TECHNIQUE

Your True Voice
The most valuable vocal technical work I have done is with Campbell Dickson Titus, who introduced me to the broad all encompassing Italian Bel Canto technique. I worked with Dickson for 18 years. He was a loving, supportive Nag who would not let me get away with utilizing tension of any kind – he was constantly reminding me about my breathing (or non-breathing), and offering alternatives to my deeply imbedded pre-learned procedures. As a teacher I have challenged myself to embody Dickson’s positive, supportive, Nagging approach in my work with my students. I was also influenced in later years Dr. Clayne Robison, Professor of Voice at Brigham Young University, who created a DVD series called Beautiful Singing.



One statement that he made was that everybody can sing – every individual has a Voice, and when that voice is produced with free, unencumbered breathing, open, aligned and alert body (the singer’s instrument), the sound produced is unique, unlike any other voice, and Beautiful*. The auditor is moved – their creative force is ignited and new horizons are witnessed.



Find Your True Voice
Stand Up Straight – breathe through open throat silently – suspend the breath and then allow phonation to begin gently – ride the sound – do not push it. You are your instrument and it is necessary to allow a consistent, alert/relaxed alignment from the lower abdominal muscles to the soft palette. “Practice does make perfect” – if it feels good, it is good. Practice what feels good on a regular basis – daily – the repetition of process ensures that it becomes “automatic” – allowing the singer-artist to radiate their true, naked soul without self-judgment by the left brain. For me “beautiful” is defined as engaging, provocative and stimulating.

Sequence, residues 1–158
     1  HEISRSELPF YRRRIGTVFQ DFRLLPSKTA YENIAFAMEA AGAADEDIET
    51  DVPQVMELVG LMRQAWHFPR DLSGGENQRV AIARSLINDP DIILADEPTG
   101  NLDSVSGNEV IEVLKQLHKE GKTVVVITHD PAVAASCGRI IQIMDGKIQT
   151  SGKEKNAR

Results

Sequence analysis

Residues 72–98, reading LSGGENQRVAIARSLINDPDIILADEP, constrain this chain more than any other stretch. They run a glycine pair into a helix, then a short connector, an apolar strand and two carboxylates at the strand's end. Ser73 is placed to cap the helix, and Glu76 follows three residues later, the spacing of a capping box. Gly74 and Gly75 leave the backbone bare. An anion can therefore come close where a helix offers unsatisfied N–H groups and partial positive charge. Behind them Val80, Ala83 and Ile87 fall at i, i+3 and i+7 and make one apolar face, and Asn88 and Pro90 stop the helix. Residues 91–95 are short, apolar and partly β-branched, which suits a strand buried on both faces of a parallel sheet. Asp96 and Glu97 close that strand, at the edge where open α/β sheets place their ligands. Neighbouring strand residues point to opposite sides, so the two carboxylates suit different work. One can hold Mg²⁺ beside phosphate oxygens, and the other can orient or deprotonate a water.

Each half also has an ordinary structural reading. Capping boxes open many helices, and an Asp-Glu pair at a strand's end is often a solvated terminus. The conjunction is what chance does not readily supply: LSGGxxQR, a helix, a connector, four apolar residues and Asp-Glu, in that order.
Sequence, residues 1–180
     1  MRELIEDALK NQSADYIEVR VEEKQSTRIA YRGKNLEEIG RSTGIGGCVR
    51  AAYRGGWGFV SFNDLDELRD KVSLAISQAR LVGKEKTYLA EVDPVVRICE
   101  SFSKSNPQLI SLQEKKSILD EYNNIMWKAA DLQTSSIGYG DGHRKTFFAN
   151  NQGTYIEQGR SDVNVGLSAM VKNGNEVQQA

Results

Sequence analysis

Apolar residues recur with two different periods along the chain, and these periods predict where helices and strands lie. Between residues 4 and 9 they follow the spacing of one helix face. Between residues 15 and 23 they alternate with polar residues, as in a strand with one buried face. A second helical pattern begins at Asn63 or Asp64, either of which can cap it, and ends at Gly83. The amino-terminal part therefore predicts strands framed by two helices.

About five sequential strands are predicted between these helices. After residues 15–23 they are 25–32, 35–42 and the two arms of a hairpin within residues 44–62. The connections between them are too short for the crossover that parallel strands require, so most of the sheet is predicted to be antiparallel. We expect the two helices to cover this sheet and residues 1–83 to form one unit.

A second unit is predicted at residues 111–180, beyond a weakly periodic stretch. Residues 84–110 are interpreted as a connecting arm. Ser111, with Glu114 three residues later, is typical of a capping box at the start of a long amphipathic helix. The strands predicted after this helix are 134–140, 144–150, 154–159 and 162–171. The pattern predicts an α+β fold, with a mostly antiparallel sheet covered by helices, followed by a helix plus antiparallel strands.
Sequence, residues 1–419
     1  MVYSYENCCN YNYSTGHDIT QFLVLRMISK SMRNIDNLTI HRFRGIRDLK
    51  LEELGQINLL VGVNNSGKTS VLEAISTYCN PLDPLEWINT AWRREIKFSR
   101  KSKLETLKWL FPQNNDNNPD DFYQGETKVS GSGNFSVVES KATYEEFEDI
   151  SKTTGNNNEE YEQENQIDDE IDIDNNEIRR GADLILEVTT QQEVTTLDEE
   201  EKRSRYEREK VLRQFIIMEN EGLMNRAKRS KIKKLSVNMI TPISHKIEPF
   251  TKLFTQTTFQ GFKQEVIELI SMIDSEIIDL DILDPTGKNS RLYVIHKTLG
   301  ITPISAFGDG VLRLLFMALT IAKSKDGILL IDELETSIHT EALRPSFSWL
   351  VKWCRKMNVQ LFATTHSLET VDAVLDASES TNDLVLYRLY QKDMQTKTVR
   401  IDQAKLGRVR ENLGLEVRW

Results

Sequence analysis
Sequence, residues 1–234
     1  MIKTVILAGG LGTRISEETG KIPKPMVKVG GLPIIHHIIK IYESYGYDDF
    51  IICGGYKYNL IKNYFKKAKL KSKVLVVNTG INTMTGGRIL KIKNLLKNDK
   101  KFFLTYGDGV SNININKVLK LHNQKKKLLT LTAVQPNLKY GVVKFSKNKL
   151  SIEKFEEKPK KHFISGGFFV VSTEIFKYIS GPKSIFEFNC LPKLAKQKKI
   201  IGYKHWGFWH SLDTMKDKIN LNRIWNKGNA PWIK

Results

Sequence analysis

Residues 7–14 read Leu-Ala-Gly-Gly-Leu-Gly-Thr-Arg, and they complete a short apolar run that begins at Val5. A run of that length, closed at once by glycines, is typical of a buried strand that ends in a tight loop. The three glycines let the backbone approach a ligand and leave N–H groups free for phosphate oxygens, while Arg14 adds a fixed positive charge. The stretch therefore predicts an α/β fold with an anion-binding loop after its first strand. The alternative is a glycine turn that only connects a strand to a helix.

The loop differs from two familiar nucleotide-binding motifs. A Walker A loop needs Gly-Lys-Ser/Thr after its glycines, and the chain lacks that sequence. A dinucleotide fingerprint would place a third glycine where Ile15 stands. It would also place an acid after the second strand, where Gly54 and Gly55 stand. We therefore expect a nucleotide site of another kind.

The Story Behind “Un-Singing Lessons”
As my work as a voice teacher has progressed over the past 10 years I have begun to notice that many of the technical issues that must be addressed with developing singers is the task of overcoming habits that I identify as “singing”. We all have the impression that there is something we must “do” in order to sing properly. We must create vibrato, we must make our sound brighter or darker, we must protrude our lips, or pull back our tongue to make the sound richer – the list goes on and on. What I am discovering is that our main task is to “set up” our instrument, - breathe freely, deeply, with our posture erect, larynx floating low, soft palette up, no tension – allow the sound to happen – do not “make” or “do” anything. We are sound machines – if we proceed in this manner, our unique voice will emerge – and it is this uniqueness that is compelling, to us, and to our audience. We must not “sing” – we must “un-sing”.

© 2013 John Duykers